A ‘Real’ Natural Gas Revolution in the US: Moniz
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“We are now perhaps at the 10-year mark of what has been a real natural gas revolution in this country,” he said on “Power Lunch.” “Gas [is] now the biggest supplier, biggest fuel for electricity — overtaking coal; [the] revival of manufacturing and now getting into the export market.”
As recently as 2005, the Department of Energy reported that natural gas consumption in the U.S. outpaced available domestic supplies and imports were needed, but Moniz said Wednesday that position has “changed dramatically.”
The secretary thinks America may be on its way to “probably … being among the very biggest exporters of natural gas in the world.”
Contributing to the race, Cheniere Energy prepared to ship its first liquefied natural gas cargo on Wednesday. The company’s interim CEO, Neal Shear, told “Power Lunch” in an interview that “Cheniere is a very unique company in this space.”
“We’ll be the first one to deliver LNG. People should understand we’re 87 percent contracted on seven trains. We have investor-grade counterparts that have signed 20-year contracts to deliver LNG from these facilities that we’re [seeing] here today,” he said.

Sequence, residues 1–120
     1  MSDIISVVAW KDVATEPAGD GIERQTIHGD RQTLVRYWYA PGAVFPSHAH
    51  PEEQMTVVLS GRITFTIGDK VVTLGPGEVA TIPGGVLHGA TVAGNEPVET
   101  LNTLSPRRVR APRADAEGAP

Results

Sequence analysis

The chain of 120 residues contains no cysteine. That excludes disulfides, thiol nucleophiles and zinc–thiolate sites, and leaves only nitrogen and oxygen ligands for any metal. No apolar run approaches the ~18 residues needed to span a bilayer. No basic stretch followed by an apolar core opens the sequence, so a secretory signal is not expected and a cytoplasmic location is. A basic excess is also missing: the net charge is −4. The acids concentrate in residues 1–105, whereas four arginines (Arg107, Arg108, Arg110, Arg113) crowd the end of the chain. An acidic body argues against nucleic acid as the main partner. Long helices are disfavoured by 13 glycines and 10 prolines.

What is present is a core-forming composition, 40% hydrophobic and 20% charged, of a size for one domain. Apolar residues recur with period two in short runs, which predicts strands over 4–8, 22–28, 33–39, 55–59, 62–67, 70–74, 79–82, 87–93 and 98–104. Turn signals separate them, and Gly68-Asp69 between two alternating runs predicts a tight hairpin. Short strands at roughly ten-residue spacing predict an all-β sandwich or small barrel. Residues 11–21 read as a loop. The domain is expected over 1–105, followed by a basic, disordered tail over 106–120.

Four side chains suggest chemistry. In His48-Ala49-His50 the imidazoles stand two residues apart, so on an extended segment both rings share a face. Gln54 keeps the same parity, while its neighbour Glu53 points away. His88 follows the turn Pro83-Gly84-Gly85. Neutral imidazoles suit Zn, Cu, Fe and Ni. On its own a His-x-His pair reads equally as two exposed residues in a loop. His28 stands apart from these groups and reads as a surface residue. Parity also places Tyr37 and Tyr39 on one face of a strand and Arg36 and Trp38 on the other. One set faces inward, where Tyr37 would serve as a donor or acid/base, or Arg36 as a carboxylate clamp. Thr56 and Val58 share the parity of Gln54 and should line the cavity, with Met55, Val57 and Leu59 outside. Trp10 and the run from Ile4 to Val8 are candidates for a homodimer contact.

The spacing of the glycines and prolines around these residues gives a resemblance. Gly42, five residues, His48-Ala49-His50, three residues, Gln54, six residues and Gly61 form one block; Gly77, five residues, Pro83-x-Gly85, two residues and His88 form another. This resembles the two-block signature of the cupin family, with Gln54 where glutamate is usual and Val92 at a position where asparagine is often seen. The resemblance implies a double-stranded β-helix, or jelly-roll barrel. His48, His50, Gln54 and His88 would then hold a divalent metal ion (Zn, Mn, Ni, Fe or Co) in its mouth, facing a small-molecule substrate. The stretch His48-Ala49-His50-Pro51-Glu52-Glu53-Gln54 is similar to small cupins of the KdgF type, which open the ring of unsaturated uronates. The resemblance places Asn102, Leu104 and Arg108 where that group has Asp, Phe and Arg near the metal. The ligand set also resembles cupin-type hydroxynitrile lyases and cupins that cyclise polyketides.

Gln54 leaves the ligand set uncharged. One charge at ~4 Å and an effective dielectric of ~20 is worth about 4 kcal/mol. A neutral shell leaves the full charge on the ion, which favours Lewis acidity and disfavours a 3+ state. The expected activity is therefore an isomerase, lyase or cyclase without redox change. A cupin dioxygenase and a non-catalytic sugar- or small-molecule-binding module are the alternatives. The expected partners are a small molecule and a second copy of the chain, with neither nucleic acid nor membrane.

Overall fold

In this same vein, Moniz regards the move as “a very big deal.”
Liquefied natural gas is used to transport natural gas to markets, the gas is regasified and then distributed as pipeline natural gas. The Department of Energy reports that “a significant portion of the world’s natural gas resources are considered ‘stranded’ because they are located far from any market. Transportation of LNG by ship is one method to bring this stranded gas to the consumer.”
Moniz told CNBC that by transporting liquefied natural gas, the U.S. economy will benefit from new jobs.
Meanwhile, the EIA said that the imports by the three largest global importers of natural gas: Japan, China and South Korea, declined by about 1 billion cubic feet per day or 5 percent in 2015, in comparison to 2014.
The North Asian countries saw a combined annual decline in LNG for the first time since the global economic crisis of 2009. EIA pegs the drop to “reduced demand for natural gas by the power generation sector, driven by slower economic growth and lower-priced competing fuels, [which] resulted in reduced LNG consumption.”
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